Dear Lammps users,

Can you please explain why is there a difference in the normal force calculation between the “compute” method and the “single” method?

I have been using Lammps during the past few months, and have modified the Granular pair potential to my own needs. I have just noticed that the compute method and single method return different “Forces”.

The normal force in the compute method is a vector: ccel times the vector r.

fx = delx*ccel + fs1;*

fy = delyccel + fs2;

fz = delz*ccel + fs3;

and the compute method returns a vector of the total force.

The “single” method returns the scalar fforce as the “normal force”. fforce is a scalar equal to ccel and is not multiplied by the vector r. The units of fforce are Newton/meter.

It seems that in order to use the single method force, one needs to multiply it first by the vector r.

Am I missing something? Why is there a difference?

Thanks,

Gady

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Dear Lammps users,

Can you please explain why is there a difference in the normal force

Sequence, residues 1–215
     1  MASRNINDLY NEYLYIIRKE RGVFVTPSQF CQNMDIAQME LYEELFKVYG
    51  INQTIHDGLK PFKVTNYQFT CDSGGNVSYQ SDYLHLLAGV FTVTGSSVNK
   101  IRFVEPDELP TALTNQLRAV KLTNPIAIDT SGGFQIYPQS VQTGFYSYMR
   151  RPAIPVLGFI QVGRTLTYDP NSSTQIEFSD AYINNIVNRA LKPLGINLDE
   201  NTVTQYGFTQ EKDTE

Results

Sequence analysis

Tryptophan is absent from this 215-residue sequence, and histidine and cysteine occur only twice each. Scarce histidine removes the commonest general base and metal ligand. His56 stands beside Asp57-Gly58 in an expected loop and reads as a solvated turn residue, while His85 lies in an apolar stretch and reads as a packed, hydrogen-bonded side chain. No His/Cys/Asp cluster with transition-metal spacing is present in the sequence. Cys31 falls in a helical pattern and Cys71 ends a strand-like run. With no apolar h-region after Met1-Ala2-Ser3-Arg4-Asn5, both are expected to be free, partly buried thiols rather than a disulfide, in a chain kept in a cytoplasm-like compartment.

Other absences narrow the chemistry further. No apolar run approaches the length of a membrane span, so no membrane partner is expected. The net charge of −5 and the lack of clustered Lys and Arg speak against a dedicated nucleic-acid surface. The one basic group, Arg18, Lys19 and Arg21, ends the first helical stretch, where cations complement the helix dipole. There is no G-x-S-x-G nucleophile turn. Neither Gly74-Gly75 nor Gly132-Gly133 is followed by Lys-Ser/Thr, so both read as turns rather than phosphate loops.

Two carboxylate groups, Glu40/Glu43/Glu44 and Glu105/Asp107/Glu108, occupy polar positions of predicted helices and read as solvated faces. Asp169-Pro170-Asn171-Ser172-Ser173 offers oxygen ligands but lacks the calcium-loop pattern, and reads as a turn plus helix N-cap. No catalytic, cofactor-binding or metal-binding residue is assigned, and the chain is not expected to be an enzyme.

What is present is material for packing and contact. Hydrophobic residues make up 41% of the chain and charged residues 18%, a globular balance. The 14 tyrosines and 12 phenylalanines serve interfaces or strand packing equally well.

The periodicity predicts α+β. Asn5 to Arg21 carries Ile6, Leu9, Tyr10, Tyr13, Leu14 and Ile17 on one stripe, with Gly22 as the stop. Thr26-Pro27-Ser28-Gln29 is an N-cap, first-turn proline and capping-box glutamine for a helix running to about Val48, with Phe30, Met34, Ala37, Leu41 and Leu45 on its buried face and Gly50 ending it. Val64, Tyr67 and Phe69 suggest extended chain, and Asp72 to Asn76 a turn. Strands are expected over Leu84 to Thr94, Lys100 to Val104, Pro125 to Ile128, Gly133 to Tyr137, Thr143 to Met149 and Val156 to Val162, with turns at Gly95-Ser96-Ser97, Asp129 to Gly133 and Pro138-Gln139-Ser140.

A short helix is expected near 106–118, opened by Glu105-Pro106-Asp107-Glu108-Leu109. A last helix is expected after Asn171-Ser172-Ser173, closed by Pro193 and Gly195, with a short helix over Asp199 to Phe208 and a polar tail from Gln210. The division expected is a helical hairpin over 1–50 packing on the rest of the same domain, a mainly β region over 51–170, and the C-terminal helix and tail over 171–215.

calculation between the "compute" method and the "single" method?

I have been using Lammps during the past few months, and have modified the

Granular pair potential to my own needs. I have just noticed that the

compute method and single method return different "Forces".

The normal force in the compute method is a vector: ccel times the vector r.

fx = delx*ccel + fs1;

fy = dely*ccel + fs2;

fz = delz*ccel + fs3;

and the compute method returns a vector of the total force.

The "single" method returns the scalar fforce as the "normal force". fforce

is a scalar equal to ccel and is not multiplied by the vector r. The units

of fforce are Newton/meter.

It seems that in order to use the single method force, one needs to multiply

it first by the vector r.

Am I missing something? Why is there a difference?

the compute and the single method serve different purposes. however,

there is a particular problem when granular pair styles: the single

API implicitly assumes that your particles are point particles (as is

true for the vast majority of pair styles in LAMMPS) but does not

apply for granular particles.

please note that this behavior is documented:

The single() function of these pair styles returns 0.0 for the energy

of a pairwise interaction, since energy is not conserved in these

dissipative potentials. It also returns only the normal component of

the pairwise interaction force. However, the single() function also

calculates 4 extra pairwise quantities. The first 3 are the components

of the tangential force between particles I and J, acting on particle

I. P4 is the magnitude of this tangential force. These extra quantites

can be accessed by the compute pair/local command, as p1, p2, p3, p4.

axel.